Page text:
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How Does Fast Fashion Affect Animals


Fast fashion is everywhere. It has gained a lot of popularity over the last 20 years. It's very fun and convenient to shop for new trends at an affordable price. But the overconsumption of cheaply made clothing has a disastrous impact on the environment, ecosystems, and animals.

Fast fashion kills wildlife and puts endangered species at risk. It's responsible for the trapping, farming, and skinning of billions of animals every year. Even with so many available alternatives, consumers keep buying fast fashion massively.

I used to buy a lot of clothing and accessories made from animal products and byproducts before. Wool sweaters, fur coats, leather jackets, shoes, and belts.

In 2015, I realized how much animal cruelty was happening in the fast fashion industry. The brutal slaughtering of animals occurs too often to make fur, wool, leather, silk, goose down, and down feathers.

Laboratory experiments use 115 million animals each year, such as rats, rabbits, mice, guinea pigs, birds, cats, and dogs. Fast fashion enslaves, exploits, and hurt so many more.

As consumers, we should care more about how our clothes are being made and the impact of our wardrobe on the planet, the people, and the animals living on it.

The textile and apparel industry is one of the largest industries in the world. Fast fashion is a major contributor to its growth. Apparel production has doubled to meet consumers' demand over the last 15 years globally.

Fast fashion brands and retailers must take massive action to reduce water and energy consumption, waste, pollution, and their catastrophic effects on ecosystems and animals.


Read up my article on should we boycott fast fashion to understand what's wrong with how this industry operates today.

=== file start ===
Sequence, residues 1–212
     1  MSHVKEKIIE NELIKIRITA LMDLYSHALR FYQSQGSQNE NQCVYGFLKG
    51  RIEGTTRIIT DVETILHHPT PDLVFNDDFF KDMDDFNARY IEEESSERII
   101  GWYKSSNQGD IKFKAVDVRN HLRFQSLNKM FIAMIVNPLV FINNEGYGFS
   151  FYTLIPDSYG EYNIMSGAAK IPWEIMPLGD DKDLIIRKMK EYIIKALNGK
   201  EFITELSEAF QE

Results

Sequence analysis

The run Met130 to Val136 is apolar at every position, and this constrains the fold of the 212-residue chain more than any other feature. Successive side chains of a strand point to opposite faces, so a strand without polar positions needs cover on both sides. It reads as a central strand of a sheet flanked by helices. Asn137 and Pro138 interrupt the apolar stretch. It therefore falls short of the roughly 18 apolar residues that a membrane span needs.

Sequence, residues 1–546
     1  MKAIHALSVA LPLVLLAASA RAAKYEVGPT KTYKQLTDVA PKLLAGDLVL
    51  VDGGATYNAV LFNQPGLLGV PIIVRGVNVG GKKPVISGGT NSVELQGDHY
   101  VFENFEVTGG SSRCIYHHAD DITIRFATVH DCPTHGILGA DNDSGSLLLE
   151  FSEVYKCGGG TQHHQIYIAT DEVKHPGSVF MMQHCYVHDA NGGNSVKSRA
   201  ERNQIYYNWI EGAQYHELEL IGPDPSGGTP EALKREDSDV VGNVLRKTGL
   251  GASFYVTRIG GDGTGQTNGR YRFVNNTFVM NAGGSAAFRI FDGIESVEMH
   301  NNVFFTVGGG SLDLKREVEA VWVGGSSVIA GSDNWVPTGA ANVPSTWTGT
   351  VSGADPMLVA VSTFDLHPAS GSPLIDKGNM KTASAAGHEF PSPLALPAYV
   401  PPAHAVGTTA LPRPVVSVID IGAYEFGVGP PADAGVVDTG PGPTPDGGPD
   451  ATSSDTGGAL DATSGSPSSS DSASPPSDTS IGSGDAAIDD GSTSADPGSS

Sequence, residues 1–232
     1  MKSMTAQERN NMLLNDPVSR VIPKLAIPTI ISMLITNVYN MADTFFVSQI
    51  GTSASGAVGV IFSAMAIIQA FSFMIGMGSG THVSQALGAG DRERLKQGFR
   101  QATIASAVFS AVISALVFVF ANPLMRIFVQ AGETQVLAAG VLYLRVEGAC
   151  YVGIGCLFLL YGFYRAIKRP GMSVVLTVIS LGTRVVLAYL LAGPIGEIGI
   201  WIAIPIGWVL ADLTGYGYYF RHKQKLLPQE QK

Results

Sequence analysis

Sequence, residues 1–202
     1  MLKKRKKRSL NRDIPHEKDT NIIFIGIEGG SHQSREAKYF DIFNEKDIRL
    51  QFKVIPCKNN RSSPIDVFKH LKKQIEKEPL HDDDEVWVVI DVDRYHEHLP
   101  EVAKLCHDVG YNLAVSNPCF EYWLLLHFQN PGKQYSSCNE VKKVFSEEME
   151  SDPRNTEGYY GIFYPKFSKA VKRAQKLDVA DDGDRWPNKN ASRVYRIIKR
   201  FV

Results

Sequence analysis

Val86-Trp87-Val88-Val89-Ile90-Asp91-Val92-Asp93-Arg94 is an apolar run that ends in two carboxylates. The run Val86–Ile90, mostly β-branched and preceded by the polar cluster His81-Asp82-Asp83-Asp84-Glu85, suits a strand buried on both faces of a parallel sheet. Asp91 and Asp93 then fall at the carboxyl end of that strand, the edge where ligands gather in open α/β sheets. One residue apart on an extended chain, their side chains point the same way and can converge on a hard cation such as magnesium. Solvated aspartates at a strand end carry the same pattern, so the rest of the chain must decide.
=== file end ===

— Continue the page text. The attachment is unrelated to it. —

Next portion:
Many people remain addicted to fast fashion because of its many advantages and how it makes them feel. But fast fashion isn't sustainable or environmentally friendly. It's also very cruel and unethical.

Here is how fast fashion affects animals.


Endangered animals killed for fast fashion

Fast fashion kills many endangered animals each year. The cruel trapping and skinning of endangered animals happen too frequently in the fashion industry.

The fur and leather trade threatens many animal species that should be protected. People hunt a vast number of reptiles, kangaroos, ostriches, beavers, wild cats, bears, antelopes, and seals for their pelt used in fashion.

Fast fashion threatens many of these wildlife species with extinction. The International Union for Conservation of Nature's (IUCN) Red List of Threatened Species provides information about uses, trade, and threats to encourage action for biodiversity conservation.

Animals suffer immense pain, being trapped, caged, and often skinned alive to make textiles.

Even if many wild animals are already protected by law under the Endangered Species Act (ESA), the poaching and illegal international trade of threatened animals continue to this day.


Read up my article on 10 endangered animals used for clothing for more examples of the destructive impact of fast fashion on wildlife.

bengal tiger



Wool production is very cruel

Every year in the fast fashion industry, animals are enslaved, exploited, subjected to painful treatments, and exposed to dangerous substances with long-term disastrous effects on ecosystems and human health.

Contrary to popular belief, wool production is part of this issue. Wool is a very cruel animal fiber. It's used to make warm clothes such as shirts, coats, pullovers, jackets, sweaters, sock, gloves, leggings, and slippers.

Wool is obtained from animals such as goats, sheep, muskox, camelids, and rabbits. These animals don't like being caught and don't need shearing.

More than 95% of all wool comes from mass production globally. And mass production isn't ethical.

Most of the animals used for wool must suffer immense pain, walk very long distances, and live in crowded conditions.

They often die prematurely from dehydration, exhaustion, infection, starvation, injury, lack of shelter, exposure, or neglect, as reported by the People for the Ethical Treatment of Animals (PETA).

Each year, billions of animals are mutilated and cut into slavery to make wool globally. The fast fashion industry raises animals for wool to make profits. The welfare of animals is rarely considered.